Perception – Is it really what you think it is?

Not everything is what you think it is

Long time friends Michael and Richard met for their weekly catchup at the coffee shop where the atmosphere was always tranquil. For the first half hour they had enjoyed the relaxing time to catch up on what was happening in each other’s lives and share a few newly found insights.

Suddenly Michael’s facial expression changed to one of panic. As he reeled backward out of his chair Michael knocked the table off balance sending coffee cups and cutlery clattering to the floor as he fled through the open shop doors.

Within a few seconds the tranquil coffee shop turned into a frenzied panic zone with screaming people running in every direction – except for one person. With an intrigued smile on his face Richard watched the scenario unfold as the coffee shop cleared in what seemed like a split second.

The small house snake that had somehow found its way into the coffee shop was something that Richard had encountered many times in his own property. He knew enough about the reptile to know that it was of no danger to anyone.

Totally opposite to the fear induced perception of the snake that others in the coffee shop had, Richard’s perception was one of calm intrigue. He was more interested in what the snake was doing so far out of its natural habitat and how it had survived this far.

Richard calmly picked the snake up and walked out of the coffee shop. He excitedly began explaining to the crowd – who started screaming again – “that it was a harmless house snake and that he was going to put it take it back to an area where it would be safe.”

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Same thing … different perception

There are events and interactions around us every day where we all perceive what we see and experience in totally different ways to others. It could be in the home, at the office, in the mall in any public space. The question is, why there is such a large difference in how we all perceive the same scenario? Is this one of the key reasons why we misunderstand each other, have conflicts or react in seemingly irrational ways at times?

One of the answers can be found in the way we are influenced in our lives. Through our life experiences and conditioning through the many different influencing mediums, we build up courage, limitations, prejudices and fears. These all help create the mental frameworks we have and the pigeon-holes that we need to put everything into.

We cannot help ourselves – we just cannot resist placing everything into some sort of box or pigeon-hole so that we can make sense of it.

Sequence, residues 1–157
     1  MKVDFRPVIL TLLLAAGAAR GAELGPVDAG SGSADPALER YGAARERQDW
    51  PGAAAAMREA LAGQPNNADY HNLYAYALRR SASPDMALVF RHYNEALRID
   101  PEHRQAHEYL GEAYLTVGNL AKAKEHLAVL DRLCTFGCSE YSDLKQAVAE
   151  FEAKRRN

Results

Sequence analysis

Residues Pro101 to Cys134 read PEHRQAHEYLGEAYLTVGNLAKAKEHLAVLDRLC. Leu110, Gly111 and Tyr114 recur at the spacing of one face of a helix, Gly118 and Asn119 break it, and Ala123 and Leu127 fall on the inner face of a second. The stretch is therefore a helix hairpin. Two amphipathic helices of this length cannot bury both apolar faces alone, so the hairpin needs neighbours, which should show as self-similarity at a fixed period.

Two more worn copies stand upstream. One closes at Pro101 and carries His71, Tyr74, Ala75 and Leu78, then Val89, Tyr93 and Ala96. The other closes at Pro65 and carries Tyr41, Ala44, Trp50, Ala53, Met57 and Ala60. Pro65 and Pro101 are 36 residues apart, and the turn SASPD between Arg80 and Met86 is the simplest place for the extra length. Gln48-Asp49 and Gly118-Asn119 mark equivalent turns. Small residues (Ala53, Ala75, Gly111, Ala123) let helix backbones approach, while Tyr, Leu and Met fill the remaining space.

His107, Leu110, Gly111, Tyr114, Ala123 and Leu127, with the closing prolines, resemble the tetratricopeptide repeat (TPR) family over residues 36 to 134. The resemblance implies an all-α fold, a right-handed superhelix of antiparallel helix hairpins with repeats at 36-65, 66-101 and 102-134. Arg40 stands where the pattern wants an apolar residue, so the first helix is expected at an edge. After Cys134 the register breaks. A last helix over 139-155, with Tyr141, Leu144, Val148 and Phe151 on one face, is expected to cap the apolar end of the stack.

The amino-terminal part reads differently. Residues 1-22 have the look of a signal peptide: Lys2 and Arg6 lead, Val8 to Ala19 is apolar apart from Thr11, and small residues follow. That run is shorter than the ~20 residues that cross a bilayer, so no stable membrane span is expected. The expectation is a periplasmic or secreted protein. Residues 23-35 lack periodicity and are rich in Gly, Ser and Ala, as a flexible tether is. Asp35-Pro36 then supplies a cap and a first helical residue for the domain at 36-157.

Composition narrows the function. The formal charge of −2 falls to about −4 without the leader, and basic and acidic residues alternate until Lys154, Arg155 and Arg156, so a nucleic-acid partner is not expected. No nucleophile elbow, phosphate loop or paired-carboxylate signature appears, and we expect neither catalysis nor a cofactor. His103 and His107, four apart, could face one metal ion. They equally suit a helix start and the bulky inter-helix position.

Uncertainty is one of our greatest fears and therefore anything we are not familiar with plays right into the hands of our greatest immobiliser. Like the snake in the coffee shop event, we will attempt to put these things we are unfamiliar with in a box, and if it resembles something similar to which we had a bad experience before, we will deem it a risk and avoid it – or run.

If a previous similar experience was neutral or pleasant, then we will not see it in a negative or defensive mode, but instead, as something that is worth doing or gravitating towards.

Assumptions – the mother of all….

When there are different perceptions of the same scenario then there is a breeding ground for assumptions. The great deception here is that you assume the other parties involved are seeing it the same way that you do. Recall the times you have had conflicts in relationships, with co-workers, with clients, service staff, bosses. How many of these have been due to assumptions and misaligned perceptions?

listen-talkAligned perceptions are one of the fundamental principles for good relationships, good communication, negotiation or even conflict resolution.

Because most people want their voices and opinions to be heard, very few listen for the all important alignment clues in what is being said.

Listening is the key to exploring the differences in expectations, perception and therefore the decisions people are going to make. Any good salesman or negotiator understands this key principle.

The other side of the coin is that poor communication, no matter how good the listening aspect is, is equally to blame for incorrect and misaligned perceptions. It is an equal ingredient in the assumption mix.